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Winston Churchill – November 30

Sir Winston Churchill is not often known for his artistry but for his profound impact and contributions as the Prime Minister of the United Kingdom from 1940-1945 and 1951-1955. His strength and pride guided the British public through the Battle of Britain in 1940 and his speech “We Shall Never Surrender” remains an emblem of British courage today. Yet, through his art, the softer, introspective side of this prominent figure is revealed. As referenced by his daughter Mary Soames in the book Sir Winston Churchill’s Life Through his Paintings, Churchill’s paintings demonstrate a profound sensitivity and keen interest in the therapeutic qualities of art. In fact, in his essay Painting as a Pastime, Churchill raises questions about the relationship between memory and the act of painting. Thus, in his art as in his political policies, Churchill reveals a Sagittarius’ interest in explaining and justifying the world around him.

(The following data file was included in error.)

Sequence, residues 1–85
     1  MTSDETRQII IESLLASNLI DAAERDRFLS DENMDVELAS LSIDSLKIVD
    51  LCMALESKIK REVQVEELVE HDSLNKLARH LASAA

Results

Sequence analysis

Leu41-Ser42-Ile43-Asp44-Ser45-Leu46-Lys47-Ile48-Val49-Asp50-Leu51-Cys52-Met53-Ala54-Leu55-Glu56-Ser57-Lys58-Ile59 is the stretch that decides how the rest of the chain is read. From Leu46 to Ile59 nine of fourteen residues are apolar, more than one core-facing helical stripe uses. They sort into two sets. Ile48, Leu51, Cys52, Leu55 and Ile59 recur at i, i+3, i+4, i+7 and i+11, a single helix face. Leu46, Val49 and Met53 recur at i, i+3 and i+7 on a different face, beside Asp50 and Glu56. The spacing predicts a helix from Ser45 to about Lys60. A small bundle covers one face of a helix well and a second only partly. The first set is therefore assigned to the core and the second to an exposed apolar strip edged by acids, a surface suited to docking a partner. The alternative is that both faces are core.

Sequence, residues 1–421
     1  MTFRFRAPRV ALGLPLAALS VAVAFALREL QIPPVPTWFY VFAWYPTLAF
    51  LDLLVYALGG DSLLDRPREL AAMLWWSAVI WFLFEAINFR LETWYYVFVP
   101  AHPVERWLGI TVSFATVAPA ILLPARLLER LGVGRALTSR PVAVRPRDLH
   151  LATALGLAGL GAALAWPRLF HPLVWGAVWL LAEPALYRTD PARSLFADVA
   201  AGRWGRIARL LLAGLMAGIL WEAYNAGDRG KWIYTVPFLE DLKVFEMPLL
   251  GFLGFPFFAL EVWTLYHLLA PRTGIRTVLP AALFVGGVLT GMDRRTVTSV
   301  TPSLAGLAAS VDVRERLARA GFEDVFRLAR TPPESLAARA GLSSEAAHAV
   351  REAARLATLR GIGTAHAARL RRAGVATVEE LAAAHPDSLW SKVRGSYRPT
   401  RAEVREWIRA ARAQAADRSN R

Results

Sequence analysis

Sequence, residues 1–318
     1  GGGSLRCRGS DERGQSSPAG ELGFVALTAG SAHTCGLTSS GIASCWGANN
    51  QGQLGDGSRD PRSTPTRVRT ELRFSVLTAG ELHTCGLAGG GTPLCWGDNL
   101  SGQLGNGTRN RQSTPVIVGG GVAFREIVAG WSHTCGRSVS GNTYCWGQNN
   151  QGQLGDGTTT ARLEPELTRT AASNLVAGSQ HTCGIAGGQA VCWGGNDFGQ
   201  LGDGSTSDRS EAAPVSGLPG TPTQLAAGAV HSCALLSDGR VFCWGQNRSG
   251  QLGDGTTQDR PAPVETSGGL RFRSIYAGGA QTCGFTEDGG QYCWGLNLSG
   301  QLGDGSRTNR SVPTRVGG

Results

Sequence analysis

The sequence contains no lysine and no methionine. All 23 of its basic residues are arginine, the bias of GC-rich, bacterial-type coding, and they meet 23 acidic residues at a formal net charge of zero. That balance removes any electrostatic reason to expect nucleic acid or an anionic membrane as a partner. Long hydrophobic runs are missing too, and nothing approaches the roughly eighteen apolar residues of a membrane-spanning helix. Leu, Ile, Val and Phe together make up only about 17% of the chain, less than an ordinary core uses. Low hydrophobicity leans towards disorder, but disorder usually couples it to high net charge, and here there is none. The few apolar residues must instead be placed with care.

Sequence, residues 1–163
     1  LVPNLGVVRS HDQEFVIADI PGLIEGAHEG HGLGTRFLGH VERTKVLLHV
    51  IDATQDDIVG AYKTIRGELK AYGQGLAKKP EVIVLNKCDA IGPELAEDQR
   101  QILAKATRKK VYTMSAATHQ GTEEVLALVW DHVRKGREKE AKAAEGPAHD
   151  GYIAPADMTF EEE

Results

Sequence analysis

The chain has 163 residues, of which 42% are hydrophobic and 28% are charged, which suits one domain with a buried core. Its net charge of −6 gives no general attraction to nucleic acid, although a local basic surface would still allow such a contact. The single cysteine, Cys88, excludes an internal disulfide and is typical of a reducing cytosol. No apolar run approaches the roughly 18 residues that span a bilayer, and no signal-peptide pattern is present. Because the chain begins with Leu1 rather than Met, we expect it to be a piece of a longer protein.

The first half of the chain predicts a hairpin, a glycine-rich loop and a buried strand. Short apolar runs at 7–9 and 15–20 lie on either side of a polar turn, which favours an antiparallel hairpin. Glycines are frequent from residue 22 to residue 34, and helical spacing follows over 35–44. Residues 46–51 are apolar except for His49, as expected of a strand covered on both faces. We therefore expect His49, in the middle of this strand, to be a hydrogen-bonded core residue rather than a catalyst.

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Wassily Kandinsky – December 16

Wassily Kandinsky traveled extensively between 1903 and 1908, visiting the Netherlands, Italy, Tunisia, France, and Germany. The painting above was created en plein air during his stay in Murnau, Germany, where he eventually settled from 1908 – 1914. His life in Murnau and nearby Munich marked a critical period in his artistic development, beginning his transition from realistic depictions to more abstract and representational forms. The artwork above is indicative of this slow shift as the street begins to dissolve into a field of thick brush-strokes and areas of blocked colors. Ultimately, Kandinsky sought to invest his paintings with spiritual imagery without using representational subjects. In this way, he was operating according to the Sagittarius desire to create a meaningful and purposeful life.